Court name
Harare High Court
Case number
HH 96 of 2003

Air Zimbabwe Corporation & Ors v Zimbabwe Revenue Authority (HH 96 of 2003) [2003] ZWHHC 96 (08 July 2003);

Law report citations
Media neutral citation
[2003] ZWHHC 96

AIR ZIMBABWE CORPORATION

DAIRIBOARD ZIMBABWE LIMITED

HUNYANI PAPER & PACKAGING (1997)(PVT) LTD

ZIMNAT LION INSURANCE COMPANY LIMITED

COTTON COMPANY OF ZIMBABWE LIMITED

DANDY ZIMBABWE (PRIVATE) LIMITED

CHIPS COMPUTING SERVICES (PVT) LTD

BP & SHELL MARKETING SERVICES (PVT) LIMITED

CASTROL ZIMBABWE (PVT) LTD

ECOMARK ZIMBABWE (PVT) LTD

RECKEITT BENCKISER ZIMBABWE (PVT) LTD

versus

THE ZIMBABWE REVENUE AUTHORITY

 

HIGH COURT OF ZIMBABWE

CHINHENGO J,

HARARE, 17th June, and 9 July 2003

 

A P de Bourbon SCfor the applicants

P Nhererefor the respondent

 

          CHINHENGO J:  The applicants are all limited liability companies incorporated and carrying on business in Zimbabwe.  They all are obliged, from time to time, to pay dividends and/or interest and/or fees and/or royalties to non-resident persons in terms of ss 26, 29, 30 and 32 and the schedules thereto of the Income Tax Act (Cap 23:06) ("the Act").  The dividends, interest, fees and royalties are subject to withholding taxes payable in terms of the schedules to the above mentioned sections of the Act - Schedules 9, 16, 17 and 19.  Over the years from 1998 to 2000 the applicants failed to pay withholding taxes to the respondent.  The respondent assessed that the applicants were each liable to pay penalties and interest in respect of withholding taxes which they did not pay or which they paid late.  In this application the applicants are concerned only with the demand by the respondent that they pay interest on the withholding taxes from the date(s) on which they should have been paid. They contend that the respondent is not entitled to claim interest on those amounts at all.  From my quick addition of the amounts claimed by the respondent, the applicants would owe, by way of interest, a total of $85 011 844,14.  The amounts owed by each of the applicants appear in the founding affidavit. The applicants' contention is  that no provision is made in the Act for interest to be paid on the amounts concerned.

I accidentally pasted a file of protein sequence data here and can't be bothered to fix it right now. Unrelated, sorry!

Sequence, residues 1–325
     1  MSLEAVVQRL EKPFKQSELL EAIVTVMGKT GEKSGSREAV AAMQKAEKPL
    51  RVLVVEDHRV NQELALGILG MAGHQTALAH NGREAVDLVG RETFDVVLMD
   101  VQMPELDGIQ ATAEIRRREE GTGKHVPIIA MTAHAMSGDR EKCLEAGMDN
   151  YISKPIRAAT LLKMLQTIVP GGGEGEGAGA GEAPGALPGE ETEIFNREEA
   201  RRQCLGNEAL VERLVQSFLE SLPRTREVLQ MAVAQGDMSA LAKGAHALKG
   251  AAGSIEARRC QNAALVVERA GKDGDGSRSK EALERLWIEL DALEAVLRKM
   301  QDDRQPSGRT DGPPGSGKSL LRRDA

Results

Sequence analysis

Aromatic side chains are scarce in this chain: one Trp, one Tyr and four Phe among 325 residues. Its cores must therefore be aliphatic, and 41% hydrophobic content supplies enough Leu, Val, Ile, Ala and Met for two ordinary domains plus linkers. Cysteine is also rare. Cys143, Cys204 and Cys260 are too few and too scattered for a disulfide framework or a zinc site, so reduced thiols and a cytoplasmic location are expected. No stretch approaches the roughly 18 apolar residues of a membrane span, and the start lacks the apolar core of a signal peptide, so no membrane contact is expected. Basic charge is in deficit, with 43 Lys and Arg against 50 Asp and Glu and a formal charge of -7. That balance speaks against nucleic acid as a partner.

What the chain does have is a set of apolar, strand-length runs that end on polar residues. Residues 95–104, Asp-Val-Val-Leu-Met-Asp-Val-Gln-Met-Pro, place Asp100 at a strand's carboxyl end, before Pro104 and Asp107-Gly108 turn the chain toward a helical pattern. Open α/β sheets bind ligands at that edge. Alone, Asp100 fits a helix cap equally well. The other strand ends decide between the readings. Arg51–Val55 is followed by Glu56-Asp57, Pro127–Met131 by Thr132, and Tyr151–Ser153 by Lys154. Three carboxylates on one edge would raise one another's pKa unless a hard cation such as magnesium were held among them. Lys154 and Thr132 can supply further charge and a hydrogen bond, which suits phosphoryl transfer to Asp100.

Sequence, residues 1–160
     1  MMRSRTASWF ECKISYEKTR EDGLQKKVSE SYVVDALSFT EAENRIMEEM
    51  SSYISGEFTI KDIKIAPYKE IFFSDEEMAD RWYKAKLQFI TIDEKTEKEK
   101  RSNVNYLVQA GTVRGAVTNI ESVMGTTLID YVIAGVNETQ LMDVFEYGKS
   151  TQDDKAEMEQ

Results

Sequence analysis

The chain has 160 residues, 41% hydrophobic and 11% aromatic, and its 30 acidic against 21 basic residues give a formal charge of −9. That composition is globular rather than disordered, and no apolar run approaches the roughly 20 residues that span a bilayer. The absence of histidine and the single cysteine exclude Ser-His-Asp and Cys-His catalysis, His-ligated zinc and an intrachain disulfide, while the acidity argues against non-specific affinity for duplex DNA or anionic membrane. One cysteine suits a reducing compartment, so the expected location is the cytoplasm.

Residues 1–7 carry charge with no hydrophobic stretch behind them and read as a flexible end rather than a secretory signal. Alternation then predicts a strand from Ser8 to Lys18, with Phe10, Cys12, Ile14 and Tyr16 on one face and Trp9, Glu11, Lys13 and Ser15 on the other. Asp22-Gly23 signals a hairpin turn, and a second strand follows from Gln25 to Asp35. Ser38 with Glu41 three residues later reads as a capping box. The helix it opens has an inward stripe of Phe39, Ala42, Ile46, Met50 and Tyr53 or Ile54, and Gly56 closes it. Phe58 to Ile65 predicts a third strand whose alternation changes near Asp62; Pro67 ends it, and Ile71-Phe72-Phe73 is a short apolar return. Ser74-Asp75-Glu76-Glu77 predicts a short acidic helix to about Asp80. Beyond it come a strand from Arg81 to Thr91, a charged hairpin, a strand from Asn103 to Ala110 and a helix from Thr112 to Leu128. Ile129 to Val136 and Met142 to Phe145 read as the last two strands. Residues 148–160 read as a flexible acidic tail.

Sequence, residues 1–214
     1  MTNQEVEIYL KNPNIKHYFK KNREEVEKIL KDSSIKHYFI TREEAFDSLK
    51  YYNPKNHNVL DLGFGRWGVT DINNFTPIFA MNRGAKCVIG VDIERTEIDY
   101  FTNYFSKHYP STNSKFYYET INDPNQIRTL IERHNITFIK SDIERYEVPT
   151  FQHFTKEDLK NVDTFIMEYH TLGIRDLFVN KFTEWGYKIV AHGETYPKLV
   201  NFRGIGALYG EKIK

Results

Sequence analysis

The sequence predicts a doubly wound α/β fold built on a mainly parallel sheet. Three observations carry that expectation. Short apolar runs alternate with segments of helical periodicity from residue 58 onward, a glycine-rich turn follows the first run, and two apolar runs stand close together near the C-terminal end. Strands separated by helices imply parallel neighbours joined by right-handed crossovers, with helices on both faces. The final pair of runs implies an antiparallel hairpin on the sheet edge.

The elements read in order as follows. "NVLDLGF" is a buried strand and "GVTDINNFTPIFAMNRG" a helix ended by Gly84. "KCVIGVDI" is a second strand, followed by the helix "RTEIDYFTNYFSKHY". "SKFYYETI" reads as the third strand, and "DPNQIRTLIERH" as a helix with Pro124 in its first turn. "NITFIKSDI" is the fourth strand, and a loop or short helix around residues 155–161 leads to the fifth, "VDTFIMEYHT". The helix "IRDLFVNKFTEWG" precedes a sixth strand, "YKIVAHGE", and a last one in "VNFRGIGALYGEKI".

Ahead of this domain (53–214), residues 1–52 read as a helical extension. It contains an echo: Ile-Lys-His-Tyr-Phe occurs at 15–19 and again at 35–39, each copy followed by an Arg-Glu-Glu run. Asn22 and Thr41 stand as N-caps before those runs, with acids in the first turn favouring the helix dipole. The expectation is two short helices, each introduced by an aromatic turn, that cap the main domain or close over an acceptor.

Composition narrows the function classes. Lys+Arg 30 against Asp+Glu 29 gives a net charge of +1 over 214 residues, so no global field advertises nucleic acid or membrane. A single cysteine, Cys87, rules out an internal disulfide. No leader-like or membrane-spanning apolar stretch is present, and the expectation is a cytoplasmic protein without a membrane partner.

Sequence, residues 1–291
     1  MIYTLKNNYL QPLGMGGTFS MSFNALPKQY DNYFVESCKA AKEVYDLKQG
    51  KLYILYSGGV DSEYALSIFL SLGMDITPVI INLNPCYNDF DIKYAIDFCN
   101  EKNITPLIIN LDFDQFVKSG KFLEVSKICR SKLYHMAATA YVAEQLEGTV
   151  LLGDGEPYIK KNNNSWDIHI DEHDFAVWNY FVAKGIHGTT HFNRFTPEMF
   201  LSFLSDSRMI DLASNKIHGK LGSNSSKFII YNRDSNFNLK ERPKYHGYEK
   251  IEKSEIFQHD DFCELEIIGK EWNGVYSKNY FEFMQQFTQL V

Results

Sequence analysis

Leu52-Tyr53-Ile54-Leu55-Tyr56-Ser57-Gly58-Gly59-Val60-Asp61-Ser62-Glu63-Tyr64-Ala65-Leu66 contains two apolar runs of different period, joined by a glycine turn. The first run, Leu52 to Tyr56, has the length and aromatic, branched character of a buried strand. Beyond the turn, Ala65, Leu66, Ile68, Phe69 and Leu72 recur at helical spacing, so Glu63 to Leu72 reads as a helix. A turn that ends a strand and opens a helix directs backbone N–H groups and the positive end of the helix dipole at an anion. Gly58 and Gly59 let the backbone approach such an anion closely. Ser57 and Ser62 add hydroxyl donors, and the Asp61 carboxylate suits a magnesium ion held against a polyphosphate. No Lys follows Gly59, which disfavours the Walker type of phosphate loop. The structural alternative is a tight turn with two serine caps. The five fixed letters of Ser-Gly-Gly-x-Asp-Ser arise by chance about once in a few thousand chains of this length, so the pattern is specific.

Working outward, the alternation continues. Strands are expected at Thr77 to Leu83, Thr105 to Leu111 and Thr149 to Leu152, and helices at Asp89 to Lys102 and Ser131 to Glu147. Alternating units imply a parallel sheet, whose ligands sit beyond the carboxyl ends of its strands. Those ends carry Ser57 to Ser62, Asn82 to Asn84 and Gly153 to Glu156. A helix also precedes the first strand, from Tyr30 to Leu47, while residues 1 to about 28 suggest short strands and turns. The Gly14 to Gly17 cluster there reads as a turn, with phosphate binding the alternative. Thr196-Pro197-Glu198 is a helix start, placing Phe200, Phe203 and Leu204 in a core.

The respondent avers that it is entitled to charge interest on withholding taxes that are not paid on due date.  The due date in terms of schedules 9, 16, 17 and 19 of the Act is thirty days of the date of distribution of the dividend or the payment of the fees, interest or royalties.  It is not in dispute that the applicants failed to pay the withholding taxes within the prescribed period.  The respondent contends that at common law mora interest starts to run as soon as a debt is due and payable and that the taxes that remain outstanding have become debts owed to the State.  The respondent says that it is entitled to mora interest because there is no statutory provision to the contrary.

 

          There are certain contentions made by the parties which have become irrelevant because of concessions made at the hearing.  One such contention was that whereas the respondent purports to have claimed from the applicants mora interest in terms of the common law, it had in fact claimed statutory interest in terms of the Act at the rate prescribed in the Income Tax Regulations.  At the hearing Mr Nherere conceded that the claim as originally made by the respondent was indeed for statutory interest at 35% per annum. He said that the opposing affidavit, however, clearly indicates that the claim is for mora interest in terms of the common law at the prescribed rate of interest of 30% per  annum in terms of the Prescribed Rate of Interest Act (Cap 8:10).   The other contention was whether the respondent was entitled to charge statutory interest on unpaid withholding taxes.   It became common cause at the hearing that he was not entitled to charge such interest at all.  The issue before me, therefore, is simply whether the respondent is entitled to charge mora interest in terms of the common law on overdue payments of withholding taxes.

 

          At the hearing the applicants amended the order which they seek.  The amended order reads:

          "It is ordered:

  1. That it is declared that the Respondent is not entitled to charge interest on the late payment of withholding taxes that was payable by the applicants.
  2. That the Respondents pay to the Applicants any amounts received by or paid to the Respondent in respect of interest charges allegedly due to the Respondent by the Applicants in respect of the Applicants' failure to pay withholding tax on dividends and/or interest and/or royalties and/or fees paid to non-resident persons.
  3. That the Respondents pay interest at the prescribed rate from the date of receipt to the date the amount is refunded in full.